Processing of personal data is of the utmost importance for pharmaceutical companies for their operations, which are highly dependent on collecting, classifying, and analyzing personal data of patients, physicians, and other healthcare professionals.

The DP Code and Its Application to Pharmaceutical Companies

OVER the last decade, the Turkish Grand National Assembly made repeated attempts to enact a data protection law, but only found success after final ratification of a longstanding treaty. Signed in 1981, Turkey finally approved the ratification of the Council of Europe’s Convention for the Protection of Individuals with regard to Automatic Processing of Personal Data ("Convention 108") on February 18, 2016, which ultimately led to passage of the Personal Data Protection Code[1] ("DP Code") on March 24, 2016. The DP Code became fully effective in its entirety on October 7, 2016 following the end of the grace period in relation to the enforcement certain provisions.

The DP Code was largely based on Directive 95/46/EC[2] of the European Parliament and the Council of the European Union (“Directive”), although it has certain deviations from the Directive. The DP Code allows processing of personal data only in accordance with the principles and procedures set out under the DP Code and other applicable legislation. It defines personal data as “any information relating to an identified or identifiable natural person.” Within the context of the DP Code, personal data includes personal information, such as name, surname, photograph, phone number, resume, criminal records, and medical records of a natural person.

The processing of personal data includes any operation that is performed upon personal data such as collection, recording, storage, preservation, alteration, adaptation, disclosure, transfer, retrieval, making available for collection, categorization, or blocking its use, wholly or partly, by automatic means or by means other than automatic means, which form part of a filing system. Storage and use of data relating to customers, patients, healthcare professionals, or employees, which constitute a significant part of a pharmaceutical company’s operations, are likely to fall within the scope of processing of personal data under the DP Code. Therefore, pharmaceutical companies must implement necessary measures in order to comply with the principles and procedures set forth under the DP Code while conducting their daily operations.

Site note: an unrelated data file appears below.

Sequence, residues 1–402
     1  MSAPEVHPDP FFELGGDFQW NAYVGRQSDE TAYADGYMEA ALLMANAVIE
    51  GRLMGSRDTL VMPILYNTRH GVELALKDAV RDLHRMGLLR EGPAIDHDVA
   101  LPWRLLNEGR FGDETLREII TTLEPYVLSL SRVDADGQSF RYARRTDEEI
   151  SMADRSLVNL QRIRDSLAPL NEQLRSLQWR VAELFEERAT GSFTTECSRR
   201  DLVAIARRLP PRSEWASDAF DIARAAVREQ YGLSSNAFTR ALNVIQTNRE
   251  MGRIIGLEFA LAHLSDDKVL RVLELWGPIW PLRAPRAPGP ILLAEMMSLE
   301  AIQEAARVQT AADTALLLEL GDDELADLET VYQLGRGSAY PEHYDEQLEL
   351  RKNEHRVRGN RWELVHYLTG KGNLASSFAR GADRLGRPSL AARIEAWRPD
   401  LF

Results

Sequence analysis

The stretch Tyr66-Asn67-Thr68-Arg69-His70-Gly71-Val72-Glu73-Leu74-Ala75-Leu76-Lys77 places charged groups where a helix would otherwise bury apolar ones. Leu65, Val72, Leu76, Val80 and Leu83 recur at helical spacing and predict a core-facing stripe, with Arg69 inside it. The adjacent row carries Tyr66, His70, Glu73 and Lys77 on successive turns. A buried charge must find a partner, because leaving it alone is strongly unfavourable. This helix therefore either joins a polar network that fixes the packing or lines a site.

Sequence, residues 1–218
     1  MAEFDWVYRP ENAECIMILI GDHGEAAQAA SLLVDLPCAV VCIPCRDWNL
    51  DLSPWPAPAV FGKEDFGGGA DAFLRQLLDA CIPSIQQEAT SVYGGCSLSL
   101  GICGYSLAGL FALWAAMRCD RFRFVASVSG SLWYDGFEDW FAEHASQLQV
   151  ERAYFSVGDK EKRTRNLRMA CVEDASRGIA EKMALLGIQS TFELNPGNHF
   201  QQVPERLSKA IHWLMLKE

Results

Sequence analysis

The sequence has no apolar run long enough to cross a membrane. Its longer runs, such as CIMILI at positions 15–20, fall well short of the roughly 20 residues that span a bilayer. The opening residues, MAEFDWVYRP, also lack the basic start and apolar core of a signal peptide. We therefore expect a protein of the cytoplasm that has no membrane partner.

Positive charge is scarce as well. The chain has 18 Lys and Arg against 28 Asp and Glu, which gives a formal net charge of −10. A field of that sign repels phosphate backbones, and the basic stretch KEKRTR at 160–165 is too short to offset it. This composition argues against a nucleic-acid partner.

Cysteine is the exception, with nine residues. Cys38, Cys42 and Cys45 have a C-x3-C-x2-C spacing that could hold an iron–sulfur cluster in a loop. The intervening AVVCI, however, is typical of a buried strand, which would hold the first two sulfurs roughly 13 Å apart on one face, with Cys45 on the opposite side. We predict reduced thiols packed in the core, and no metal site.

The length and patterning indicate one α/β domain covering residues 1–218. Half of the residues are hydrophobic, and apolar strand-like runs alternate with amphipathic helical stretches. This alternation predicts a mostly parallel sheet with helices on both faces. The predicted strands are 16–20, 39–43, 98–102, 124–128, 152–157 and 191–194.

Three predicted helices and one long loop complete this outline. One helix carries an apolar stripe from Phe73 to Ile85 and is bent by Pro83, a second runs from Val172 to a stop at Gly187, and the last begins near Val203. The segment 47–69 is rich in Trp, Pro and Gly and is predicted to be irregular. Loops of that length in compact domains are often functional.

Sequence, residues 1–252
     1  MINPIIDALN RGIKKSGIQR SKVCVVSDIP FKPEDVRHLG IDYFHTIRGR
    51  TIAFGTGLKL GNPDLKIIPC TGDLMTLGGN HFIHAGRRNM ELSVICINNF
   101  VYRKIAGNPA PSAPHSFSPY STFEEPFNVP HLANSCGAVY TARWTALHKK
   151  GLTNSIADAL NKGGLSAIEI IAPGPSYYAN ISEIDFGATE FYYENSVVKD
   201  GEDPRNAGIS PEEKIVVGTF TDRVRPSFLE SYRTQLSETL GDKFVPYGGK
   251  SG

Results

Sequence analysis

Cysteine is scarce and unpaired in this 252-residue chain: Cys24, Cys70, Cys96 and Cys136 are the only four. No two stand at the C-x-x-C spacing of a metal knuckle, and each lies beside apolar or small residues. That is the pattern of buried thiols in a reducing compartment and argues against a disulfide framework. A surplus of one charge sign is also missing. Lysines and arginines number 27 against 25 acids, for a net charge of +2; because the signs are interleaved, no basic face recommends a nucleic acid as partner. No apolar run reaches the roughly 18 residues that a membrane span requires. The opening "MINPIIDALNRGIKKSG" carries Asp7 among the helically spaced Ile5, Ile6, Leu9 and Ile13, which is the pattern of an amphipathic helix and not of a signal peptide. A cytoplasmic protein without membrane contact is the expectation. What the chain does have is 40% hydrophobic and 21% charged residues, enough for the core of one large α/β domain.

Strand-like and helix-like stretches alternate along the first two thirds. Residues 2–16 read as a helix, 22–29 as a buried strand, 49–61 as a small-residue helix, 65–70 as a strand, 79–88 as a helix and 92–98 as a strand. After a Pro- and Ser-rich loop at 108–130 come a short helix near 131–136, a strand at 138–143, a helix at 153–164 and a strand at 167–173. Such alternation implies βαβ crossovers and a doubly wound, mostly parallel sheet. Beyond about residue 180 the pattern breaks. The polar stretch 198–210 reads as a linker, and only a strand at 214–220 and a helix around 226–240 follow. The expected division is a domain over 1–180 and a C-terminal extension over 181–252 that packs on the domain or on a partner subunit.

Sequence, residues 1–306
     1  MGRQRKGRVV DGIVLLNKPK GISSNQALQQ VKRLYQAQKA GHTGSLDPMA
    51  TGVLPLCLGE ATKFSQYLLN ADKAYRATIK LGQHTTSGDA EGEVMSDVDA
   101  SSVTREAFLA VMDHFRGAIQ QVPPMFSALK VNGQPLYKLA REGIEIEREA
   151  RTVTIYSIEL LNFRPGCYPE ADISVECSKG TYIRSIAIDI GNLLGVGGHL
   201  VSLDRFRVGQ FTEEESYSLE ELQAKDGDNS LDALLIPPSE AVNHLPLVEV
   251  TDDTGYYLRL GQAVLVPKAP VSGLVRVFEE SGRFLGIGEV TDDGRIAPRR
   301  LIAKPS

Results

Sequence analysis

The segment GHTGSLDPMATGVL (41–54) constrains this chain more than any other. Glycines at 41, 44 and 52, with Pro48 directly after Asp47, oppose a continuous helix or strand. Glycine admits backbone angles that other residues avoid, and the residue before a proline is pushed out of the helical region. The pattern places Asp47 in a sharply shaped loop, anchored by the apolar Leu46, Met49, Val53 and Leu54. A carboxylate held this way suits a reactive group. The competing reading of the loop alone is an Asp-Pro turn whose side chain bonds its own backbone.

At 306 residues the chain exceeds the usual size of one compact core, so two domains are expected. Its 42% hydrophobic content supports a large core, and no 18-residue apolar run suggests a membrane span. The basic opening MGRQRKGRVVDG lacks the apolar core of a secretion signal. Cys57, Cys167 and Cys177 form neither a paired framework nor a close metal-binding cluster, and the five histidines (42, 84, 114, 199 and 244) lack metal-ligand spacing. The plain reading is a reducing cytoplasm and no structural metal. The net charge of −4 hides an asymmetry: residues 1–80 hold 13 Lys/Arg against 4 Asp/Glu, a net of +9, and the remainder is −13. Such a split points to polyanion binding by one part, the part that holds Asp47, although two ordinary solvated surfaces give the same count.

Obligations Imposed by the DP Code

In order to identify the obligations imposed upon the pharmaceutical companies, the position of these companies under the DP Code must be evaluated. The DP Code defines a data controller as a “natural or legal person who determines the purposes and means of the processing of personal data, and who is responsible for establishment and management of the filing system.” Based on this definition, pharmaceutical companies are likely to be considered data controllers for the personal data that they collect, store, and use within the scope of their daily activities and thus will be primarily obliged to take technical and administrative safety precautions to prevent unlawful access, processing, and preservation of personal data.

Consent Requirement and Exceptions to This Requirement

According to the DP Code, personal data may only be processed with a data subject's explicit consent. The definition of explicit consent is not explained in detail, and the DP Code only refers to a freely expressed consent on a specific and informed subject. However, E.U. implementation has made it clear that in order for consent to be valid, it must be freely given, informed, specific, unambiguous, and explicit.

Pharmaceutical companies should obtain the consent of data subjects (employees, healthcare professionals, patients, etc.) in order to process their data if the purpose for processing the data does not fall under one of the exceptions stipulated under the DP Code. With that said, the exceptions to the DP Code where explicit consent of the data subject is not required, are as follows:

It is explicitly permitted by law

Personal data (especially of healthcare professionals) processed by pharmaceutical companies would fall under the scope of this exception in the following cases: (i) the “value transfers” or “donations” as defined under the Regulation on Promotional Activities for Human Medicinal Products (“Promotion Regulation”);[1] (ii) scientific meetings or symposia organized by pharmaceutical companies as stipulated under the Promotion Regulation; (iii) patient or researcher data related to clinical trials sponsored by pharmaceutical companies as mentioned under the Regulation on Clinical Trials of Pharmaceutical and Biological Products;[2] or (iv) employee data covered by the Turkish Labor Code.[3]